from the Transylvania Times
Pisgah Forest resident Cypress Gorry has won the Under 23 mountain bike national championships for the second year in a row.
The Brevard College graduate is a sponsored rider for the Specialized/Whole Athlete, a California based team, and traveled with his team for the USA Cycling Mountain Bike National Championships, a four-day event, which brings riders from all mountain bike disciplines like cross-country, short track, dual slalom, enduro and downhill.
For the past two years, mountain bike nationals have been held at Mammoth Mountain, in Mammoth Lakes, Calif.
The race changes location every two years. Next year, the national race moves to Snowshoe Mountain, W.Va.
This is Gorry’s last year to race in the Under 23 category. Next year, he will move up to race in the elite class, which won’t change much for him. Gorry placed sixth overall in the pro men’s short-track race last weekend as well.
Gorry said his year has been going pretty well so far, considering a nasty sinus infection that kept him from the first few races.
His competitors were able to get more miles under their legs, but Gorry managed to still come out on top.
“My first race wasn’t until the end of June,” said Gorry. “I wound up fifth there, which was a Pro XCT race (a domestic race series). The next weekend was in Angel Fire, N.M ., and I was able to take the win also, and then there were a couple more weeks before heading to nationals.”
Gorry said the national race started at about 8,200 feet in elevation, which can be difficult for athletes who have not had time to acclimate to the elevation change.
The course climbed close to 9,000 feet in elevation, and the dry California air is a bit different than the humid Pisgah rain forest.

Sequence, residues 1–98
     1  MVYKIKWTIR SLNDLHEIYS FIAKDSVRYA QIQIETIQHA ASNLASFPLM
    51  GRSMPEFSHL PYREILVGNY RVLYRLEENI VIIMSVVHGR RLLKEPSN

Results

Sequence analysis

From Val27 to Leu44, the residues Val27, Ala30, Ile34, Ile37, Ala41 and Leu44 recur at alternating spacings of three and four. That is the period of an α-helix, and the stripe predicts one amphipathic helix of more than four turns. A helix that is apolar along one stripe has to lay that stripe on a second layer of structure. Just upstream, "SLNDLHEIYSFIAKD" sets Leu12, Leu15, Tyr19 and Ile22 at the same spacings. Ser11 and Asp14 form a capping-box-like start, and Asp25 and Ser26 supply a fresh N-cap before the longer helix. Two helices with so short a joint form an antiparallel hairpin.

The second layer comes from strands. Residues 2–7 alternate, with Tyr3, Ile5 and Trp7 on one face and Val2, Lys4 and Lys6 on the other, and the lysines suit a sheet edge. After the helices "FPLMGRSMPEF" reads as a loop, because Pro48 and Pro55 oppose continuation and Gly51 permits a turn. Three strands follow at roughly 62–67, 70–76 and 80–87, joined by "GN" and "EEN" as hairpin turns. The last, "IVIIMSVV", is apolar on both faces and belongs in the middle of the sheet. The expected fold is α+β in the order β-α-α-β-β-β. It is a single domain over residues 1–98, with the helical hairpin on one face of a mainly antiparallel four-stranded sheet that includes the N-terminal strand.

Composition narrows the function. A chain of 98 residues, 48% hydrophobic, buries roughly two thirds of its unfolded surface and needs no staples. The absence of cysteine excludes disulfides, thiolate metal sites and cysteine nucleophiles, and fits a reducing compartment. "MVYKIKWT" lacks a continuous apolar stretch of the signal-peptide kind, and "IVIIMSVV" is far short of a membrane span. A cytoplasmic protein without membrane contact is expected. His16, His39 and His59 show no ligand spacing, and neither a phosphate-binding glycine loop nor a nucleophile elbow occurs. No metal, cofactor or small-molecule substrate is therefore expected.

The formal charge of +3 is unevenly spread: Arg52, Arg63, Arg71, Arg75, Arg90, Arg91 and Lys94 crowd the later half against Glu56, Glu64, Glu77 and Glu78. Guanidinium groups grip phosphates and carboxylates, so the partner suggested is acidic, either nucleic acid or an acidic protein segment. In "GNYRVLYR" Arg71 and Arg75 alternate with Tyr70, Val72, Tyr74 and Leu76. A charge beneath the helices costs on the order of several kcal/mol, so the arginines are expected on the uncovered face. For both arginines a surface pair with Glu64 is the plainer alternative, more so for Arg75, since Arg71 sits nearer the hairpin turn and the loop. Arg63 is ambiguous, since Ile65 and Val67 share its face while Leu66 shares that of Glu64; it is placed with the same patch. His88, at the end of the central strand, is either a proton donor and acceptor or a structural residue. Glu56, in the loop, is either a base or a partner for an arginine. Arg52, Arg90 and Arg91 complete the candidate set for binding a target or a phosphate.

He and the other racers in his class rode five laps total, but it was not smooth sailing for Gorry.
Trailing in second place up the first climb, he managed to take first place on the descent and maintain the lead going into the second climb, but flatted on the second lap downhill.
“The main descent was pretty rough and rocky,” said Gorry. “It was really dry and covered in powder. The pumice gets blown apart with a lot of use, and it was a rough downhill. “The second lap I gained some time on the descent, but then on the downhill on the second lap I flatted. Luckily, the pit was right near the start line, so I got a wheel change. The mechanics changed it out, and then I was in fourth. On that third lap I made the time up pretty quickly and made it back into first.”
Gorry said he wound up about two minutes ahead of second place.
Gorry will head back to Brevard soon before leaving for the next three races, one of which is a World Cup race in Mont-Saint Anne, Quebec.
The World Cup race series is a traveling circuit, attracting talent from all over the world.
When the race season is over, Gorry will be starting a new job as the assistant cycling coach at Brevard College.
Gorry said he is excited to be coaching new athletes at his alma mater, and it will allow him to stay in the area.